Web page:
LONDON (AP) — The Latest on the British Academy Film Awards (all times local):
Alfonso Cuaron's lyrical "Roma" has been named best picture at the British Academy Film Awards.
It bested "The Favourite," which bookies had favored to win the top prize at Britain's equivalent of the Oscars.
Cuaron thanked Netflix for backing "a black and white film about a domestic worker" that is not in English.
Cuaron was also named best director at Sunday night's awards ceremony in London, where "Roma" took four trophies in all.
Olivia Colman has won the best-actress prize at British Academy Film Awards for "The Favourite."
The British actress had been favored to win the award for her performance as Britain's 18th-century Queen Anne in the royal tragicomedy that also earned a Rachel Weisz a nod for best supporting actress.
The film is dominating Britain's equivalent of the Oscars, winning half a dozen trophies so far at the London awards ceremony on Sunday.
A delighted Colman said: "We're doing so well, aren't we? We're going to get so pissed drunk) later."
Rami Malek has won the best-actor prize at the British Academy Film Awards for his performance as Freddie Mercury in "Bohemian Rhapsody."
Malek said it was "extraordinary" to be recognized for his performance as the late frontman of Queen.
"Bohemian Rhapsody" has overcome a rocky journey and lukewarm critical reviews to become a box-office hit and awards-season contender.
Mahershala Ali has been named best supporting actor at the British Academy Film Awards for his role as a concert pianist in "Green Book."
Ali said at the awards ceremony in London on Sunday night that it was "surreal to get this kind of thing for something you feel so passionate about and grateful for."
The actor performed alongside Viggo Mortensen in "Green Book", which tells the story of a black musician and his white driver touring the Deep South in the 1960s.
Other winners so far at Britain's equivalent of the Oscars include Spike Lee's "BlacKkKlansman" for best adapted screenplay, the Bradley Cooper-directed "A Star is Born" for music and Alfonso Cuaron's lush black-and-white "Roma" for cinematography.
Rachel Weisz has been named best supporting actress at the British Academy Film Awards for her performance as a scheming aristocrat in "The Favourite."
Weisz's trophy was the fourth award of the night for the royal period drama, in which she plays Sarah Churchill, who was one of the most powerful people in 18th-century England.
The actress said she "had the greatest luck in that I played opposite two of the most glorious women," co-stars Emma Stone and Olivia Colman.
"The Favourite" has 12 nominations in all for Britain's equivalent of the Oscars.
"The Favourite" has kicked off the British Academy Film Awards by winning the prize for best British film.
The 18th-century royal drama took the first award of Sunday's ceremony at London's Royal Albert Hall. It is nominated in another 11 categories at the U.K. equivalent of the Oscars, including the separate best film prize.
Director Yorgos Lanthimos paid tribute to the films three stars - Olivia Colman, Rachel Weisz and Emma Stone. All three are up for acting trophies at the awards, known as BAFTAs.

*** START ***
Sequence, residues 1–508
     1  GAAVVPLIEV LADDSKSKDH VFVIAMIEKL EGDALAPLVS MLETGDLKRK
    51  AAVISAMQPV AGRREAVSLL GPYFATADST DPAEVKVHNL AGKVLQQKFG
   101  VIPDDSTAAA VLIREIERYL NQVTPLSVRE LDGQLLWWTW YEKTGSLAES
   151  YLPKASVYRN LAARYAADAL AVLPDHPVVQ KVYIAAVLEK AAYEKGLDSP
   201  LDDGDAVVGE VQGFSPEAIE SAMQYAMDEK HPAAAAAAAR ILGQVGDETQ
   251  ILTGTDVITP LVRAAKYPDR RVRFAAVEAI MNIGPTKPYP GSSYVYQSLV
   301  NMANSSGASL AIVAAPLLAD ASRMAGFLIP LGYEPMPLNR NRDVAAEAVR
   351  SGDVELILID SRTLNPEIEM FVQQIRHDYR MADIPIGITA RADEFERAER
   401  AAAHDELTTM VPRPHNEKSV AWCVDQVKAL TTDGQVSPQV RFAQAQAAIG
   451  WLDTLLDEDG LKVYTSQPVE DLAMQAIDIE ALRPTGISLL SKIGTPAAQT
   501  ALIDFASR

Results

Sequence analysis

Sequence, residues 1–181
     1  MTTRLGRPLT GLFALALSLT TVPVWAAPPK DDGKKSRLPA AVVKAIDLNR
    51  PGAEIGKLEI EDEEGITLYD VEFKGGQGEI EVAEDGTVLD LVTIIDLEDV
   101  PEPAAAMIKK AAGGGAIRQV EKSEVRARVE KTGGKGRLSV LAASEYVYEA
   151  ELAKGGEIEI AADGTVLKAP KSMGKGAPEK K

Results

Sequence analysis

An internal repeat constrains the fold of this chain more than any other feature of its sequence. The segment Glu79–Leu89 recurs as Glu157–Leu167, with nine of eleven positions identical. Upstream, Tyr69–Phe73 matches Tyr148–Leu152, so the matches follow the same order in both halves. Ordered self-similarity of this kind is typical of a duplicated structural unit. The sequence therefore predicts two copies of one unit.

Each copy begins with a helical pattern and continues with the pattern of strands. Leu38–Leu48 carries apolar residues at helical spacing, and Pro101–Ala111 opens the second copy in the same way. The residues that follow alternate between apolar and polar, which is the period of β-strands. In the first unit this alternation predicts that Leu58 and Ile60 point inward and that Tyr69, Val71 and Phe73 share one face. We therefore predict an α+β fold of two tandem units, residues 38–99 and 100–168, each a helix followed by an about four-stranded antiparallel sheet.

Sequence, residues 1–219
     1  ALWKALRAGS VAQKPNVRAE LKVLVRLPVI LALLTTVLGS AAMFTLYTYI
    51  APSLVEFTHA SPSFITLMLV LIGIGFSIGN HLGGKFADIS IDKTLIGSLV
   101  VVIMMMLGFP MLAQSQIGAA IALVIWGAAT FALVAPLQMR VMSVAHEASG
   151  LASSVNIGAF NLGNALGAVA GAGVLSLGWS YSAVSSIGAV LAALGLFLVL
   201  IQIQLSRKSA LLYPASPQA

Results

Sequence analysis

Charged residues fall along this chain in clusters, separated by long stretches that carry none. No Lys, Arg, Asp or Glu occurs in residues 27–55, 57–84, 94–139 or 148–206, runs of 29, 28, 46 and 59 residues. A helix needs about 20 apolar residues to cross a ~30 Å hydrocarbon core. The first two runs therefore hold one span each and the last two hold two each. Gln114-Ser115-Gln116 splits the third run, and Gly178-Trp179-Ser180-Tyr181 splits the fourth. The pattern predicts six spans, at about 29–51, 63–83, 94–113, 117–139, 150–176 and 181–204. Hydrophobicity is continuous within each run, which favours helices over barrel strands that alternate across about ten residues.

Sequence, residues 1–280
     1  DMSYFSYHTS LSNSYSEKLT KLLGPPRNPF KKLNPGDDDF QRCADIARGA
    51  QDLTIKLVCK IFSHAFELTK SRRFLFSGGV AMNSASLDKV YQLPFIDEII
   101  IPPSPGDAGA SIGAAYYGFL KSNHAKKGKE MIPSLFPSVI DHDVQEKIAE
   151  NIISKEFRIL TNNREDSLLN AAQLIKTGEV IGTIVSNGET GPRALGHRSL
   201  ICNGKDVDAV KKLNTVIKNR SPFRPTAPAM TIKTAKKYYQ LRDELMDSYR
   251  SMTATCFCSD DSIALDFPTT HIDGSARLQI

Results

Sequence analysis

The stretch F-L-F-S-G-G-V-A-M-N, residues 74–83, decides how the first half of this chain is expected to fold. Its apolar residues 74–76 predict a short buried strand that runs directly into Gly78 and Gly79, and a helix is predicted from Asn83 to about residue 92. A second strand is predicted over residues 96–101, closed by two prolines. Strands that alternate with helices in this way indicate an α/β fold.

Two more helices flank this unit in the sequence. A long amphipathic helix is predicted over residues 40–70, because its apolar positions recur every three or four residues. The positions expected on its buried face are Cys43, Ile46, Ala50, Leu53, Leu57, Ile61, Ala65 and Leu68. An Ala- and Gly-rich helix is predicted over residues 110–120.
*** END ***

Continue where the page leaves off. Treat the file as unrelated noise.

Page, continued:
"The Favourite" also won another of the first three awards given Sunday, for production design
The head of Britain's film academy says the lack of female directors in awards competition represents "an industry-wide problem."
The British Academy Film Awards have been criticized for not nominating any women for best director this year. Only one woman, Kathryn Bigelow, has ever been named best director at the British prizes, for "The Hurt Locker" in 2010.
BAFTA chairwoman Pippa Harris, a film and TV producer, said only 10 percent of the films entered for award consideration were directed by women, and "it needs to be 50 percent."
She says there's a wealth of female directors working in television, but they have had trouble getting noticed and moving on to feature films.
Speaking ahead of Sunday's awards ceremony at London's Royal Albert Hall, Harris said "men seem to find that transition much easier" but that things are changing.
Stars have begun arriving on the red carpet at London's Royal Albert Hall for the British Academy Film Awards,
Among them: Amy Adams, a supporting actress nominee for "Vice," best-actress nominee Viola Davis of "Widows" and Glenn Close, a best-actress contender for "The Wife."
Richard E. Grant, who is up for best supporting actor at both the British awards and the Oscars, said the recognition of his performance as an affable rogue in "Can You Ever Forgive Me?" is "the ride of my lifetime."
A beaming Grant said: "I've been working for 40 years, I've never won anything."
He says he thinks the film about a real-life literary forger, played by Melissa McCarthy, "just moved people" and made them laugh.
McCarthy, who is another best-actress nominee, says it was a delight to work with 61-year-old Grant, "a hard worker and a troublemaker all in one."
Hollywood stars and British royalty are gathering in London for the British Academy Film Awards, where "The Favourite" is living up to its name by leading the race for trophies.
The royal tragi-comedy has 12 nominations, including best picture, for the U.K. equivalent of the Oscars. Olivia Colman is favored to take the best-actress prize for her performance as Britain's 18th-century Queen Anne.
Prince William and his wife Kate, the Duchess of Cambridge, will join Amy Adams, Bradley Cooper, Cate Blanchett, Viola Davis and other stars for Sunday's ceremony at London's Royal Albert Hall.
The Freddie Mercury biopic "Bohemian Rhapsody," lunar drama "First Man," Mexican memoir "Roma" and the musical melodrama "A Star Is Born" each received seven nominations for the prizes, which come two weeks before Hollywood's Academy Awards on Feb. 24.